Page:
Palestinian Authority PM May Withdraw Resignation
The newly-appointed Palestinian Authority Prime Minister Rami Hamdallah is likely to withdraw his resignation after meeting with Chairman Mahmoud Abbas, a senior official said Friday, according to the Bethlehem-based Ma’an news agency.
Hamdallah left a first meeting with Abbas on Friday without making any statements to the press, and Abbas’s office did not comment following the meeting, reported Ma’an.
According to a knowledgeable PA official, Hamdallah will make a final decision after a second meeting with Abbas on Saturday. The official said Friday's talks were positive.
Abbas has made intensive efforts to persuade Hamdallah not to resign, according to Ma’an.
On Thursday, Hamdallah tendered his resignation – after just two weeks on the job – following a heated argument between his deputies Muhammad Mustafa and Ziad Abu Amr.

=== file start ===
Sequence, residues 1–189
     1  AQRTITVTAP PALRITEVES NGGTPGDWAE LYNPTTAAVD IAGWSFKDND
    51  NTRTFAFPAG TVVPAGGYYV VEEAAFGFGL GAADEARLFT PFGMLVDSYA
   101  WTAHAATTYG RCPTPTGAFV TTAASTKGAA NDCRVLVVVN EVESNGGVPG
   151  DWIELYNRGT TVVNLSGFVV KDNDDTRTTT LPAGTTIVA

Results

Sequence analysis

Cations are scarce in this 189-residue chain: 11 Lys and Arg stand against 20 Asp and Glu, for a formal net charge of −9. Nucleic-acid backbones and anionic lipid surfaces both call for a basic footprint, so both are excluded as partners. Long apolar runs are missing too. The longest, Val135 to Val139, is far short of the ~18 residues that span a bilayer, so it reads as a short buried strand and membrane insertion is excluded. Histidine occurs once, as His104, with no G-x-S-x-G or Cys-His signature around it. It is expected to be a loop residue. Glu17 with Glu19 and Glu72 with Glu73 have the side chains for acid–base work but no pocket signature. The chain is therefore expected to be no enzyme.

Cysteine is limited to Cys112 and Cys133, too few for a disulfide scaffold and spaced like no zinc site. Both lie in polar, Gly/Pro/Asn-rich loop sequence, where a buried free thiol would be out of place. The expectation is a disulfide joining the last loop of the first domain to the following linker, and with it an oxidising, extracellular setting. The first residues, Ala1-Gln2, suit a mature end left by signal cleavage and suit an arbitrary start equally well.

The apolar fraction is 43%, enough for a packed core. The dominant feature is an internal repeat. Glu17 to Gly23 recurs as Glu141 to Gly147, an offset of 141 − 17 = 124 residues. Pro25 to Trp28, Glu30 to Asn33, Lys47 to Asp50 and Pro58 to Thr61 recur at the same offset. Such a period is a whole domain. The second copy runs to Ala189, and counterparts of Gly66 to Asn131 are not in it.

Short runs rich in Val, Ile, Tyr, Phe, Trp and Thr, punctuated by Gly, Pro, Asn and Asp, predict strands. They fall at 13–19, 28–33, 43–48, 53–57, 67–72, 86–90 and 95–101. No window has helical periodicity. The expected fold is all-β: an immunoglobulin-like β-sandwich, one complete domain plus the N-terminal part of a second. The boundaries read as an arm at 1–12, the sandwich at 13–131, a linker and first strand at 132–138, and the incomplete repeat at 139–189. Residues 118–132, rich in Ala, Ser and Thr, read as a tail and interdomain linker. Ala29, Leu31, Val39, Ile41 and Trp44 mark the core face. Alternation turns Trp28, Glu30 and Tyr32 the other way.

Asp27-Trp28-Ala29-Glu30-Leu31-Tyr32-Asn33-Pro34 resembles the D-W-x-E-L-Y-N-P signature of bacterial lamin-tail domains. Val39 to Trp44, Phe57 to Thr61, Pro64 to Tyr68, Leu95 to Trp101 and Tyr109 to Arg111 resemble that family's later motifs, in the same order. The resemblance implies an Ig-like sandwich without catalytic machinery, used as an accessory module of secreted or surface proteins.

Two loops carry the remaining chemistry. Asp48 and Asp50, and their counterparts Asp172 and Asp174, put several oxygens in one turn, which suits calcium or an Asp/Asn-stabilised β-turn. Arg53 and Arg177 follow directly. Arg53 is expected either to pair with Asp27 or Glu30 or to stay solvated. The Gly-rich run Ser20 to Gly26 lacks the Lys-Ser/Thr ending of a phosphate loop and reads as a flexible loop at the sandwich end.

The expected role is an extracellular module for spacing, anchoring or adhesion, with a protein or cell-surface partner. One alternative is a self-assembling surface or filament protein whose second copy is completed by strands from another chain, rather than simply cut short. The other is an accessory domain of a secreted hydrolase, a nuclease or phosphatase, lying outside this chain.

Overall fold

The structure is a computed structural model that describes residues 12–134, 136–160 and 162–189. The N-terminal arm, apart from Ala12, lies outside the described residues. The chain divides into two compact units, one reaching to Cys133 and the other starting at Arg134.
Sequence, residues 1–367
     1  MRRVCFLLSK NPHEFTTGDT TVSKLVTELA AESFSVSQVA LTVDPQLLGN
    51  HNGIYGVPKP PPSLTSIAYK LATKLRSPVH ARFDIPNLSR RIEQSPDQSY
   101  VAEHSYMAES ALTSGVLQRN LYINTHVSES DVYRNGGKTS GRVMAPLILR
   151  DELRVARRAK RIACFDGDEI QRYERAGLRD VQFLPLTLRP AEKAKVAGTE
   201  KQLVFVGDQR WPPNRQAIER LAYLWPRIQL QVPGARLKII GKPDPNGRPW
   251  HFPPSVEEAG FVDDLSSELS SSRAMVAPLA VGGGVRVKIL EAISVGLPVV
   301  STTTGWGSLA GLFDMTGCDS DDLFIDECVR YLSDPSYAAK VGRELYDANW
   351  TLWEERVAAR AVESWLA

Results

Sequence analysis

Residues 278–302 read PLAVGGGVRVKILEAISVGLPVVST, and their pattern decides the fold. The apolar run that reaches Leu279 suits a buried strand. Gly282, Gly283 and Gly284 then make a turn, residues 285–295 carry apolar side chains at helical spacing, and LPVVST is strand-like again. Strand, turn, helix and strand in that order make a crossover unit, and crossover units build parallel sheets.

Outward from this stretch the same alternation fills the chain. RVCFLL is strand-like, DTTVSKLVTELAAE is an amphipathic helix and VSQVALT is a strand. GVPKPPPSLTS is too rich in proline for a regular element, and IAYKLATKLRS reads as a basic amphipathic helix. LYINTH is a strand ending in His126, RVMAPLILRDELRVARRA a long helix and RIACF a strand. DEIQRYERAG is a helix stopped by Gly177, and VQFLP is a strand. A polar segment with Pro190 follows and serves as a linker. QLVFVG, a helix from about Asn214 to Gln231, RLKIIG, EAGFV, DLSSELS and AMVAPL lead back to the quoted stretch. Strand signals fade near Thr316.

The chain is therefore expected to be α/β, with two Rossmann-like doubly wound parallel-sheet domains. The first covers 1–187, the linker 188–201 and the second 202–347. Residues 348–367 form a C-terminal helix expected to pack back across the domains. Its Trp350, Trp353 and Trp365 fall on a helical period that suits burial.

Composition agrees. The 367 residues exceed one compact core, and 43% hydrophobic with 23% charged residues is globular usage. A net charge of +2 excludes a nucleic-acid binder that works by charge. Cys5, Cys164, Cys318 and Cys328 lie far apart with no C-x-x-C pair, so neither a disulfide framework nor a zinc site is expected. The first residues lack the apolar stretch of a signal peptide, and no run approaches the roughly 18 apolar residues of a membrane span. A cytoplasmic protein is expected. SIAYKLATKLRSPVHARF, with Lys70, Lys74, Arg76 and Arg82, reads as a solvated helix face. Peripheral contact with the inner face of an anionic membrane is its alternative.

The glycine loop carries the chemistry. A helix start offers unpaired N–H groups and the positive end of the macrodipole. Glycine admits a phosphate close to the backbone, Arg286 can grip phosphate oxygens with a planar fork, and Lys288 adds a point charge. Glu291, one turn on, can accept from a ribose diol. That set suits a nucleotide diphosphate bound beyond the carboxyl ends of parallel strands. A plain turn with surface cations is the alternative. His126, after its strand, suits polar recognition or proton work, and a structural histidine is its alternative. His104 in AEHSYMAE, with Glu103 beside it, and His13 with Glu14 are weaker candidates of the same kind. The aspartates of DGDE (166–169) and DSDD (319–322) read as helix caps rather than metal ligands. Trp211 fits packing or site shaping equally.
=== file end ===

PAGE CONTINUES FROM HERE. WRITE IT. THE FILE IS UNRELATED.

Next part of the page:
A 25-member cabinet under Hamdallah's leadership was sworn in on June 6 and, notably, included the appointment of two deputy prime ministers, Ziad Abu Amr and Mohammed Mustafa.
Mustafa, who heads the Palestine Investment Fund and was handed the role of economic adviser, was initially tipped as a possible successor to the former Prime Minister, Salam Fayyad.
When the new government was sworn in, it was he who held the first news conference following its initial cabinet meeting on June 11, not Hamdallah, in a move that raised a few eyebrows, according to Ma’an.
Hamdallah, an independent considered close to Abbas's ruling Fatah faction who was head of Al-Najah University in Shechem and secretary general of the Central Election Commission, quickly pledged after his nomination to follow a similar path to Fayyad and said he would leave the government line-up largely unchanged.
Fayyad resigned in mid-April after months of difficult relations with Abbas which hit a crisis over the resignation of finance minister Nabil Qassis, which the premier accepted but Abbas did not.
(Arutz Sheva’s North American Desk is keeping you updated until the start of Shabbat in New York. The time posted automatically on all Arutz Sheva articles, however, is Israeli time.)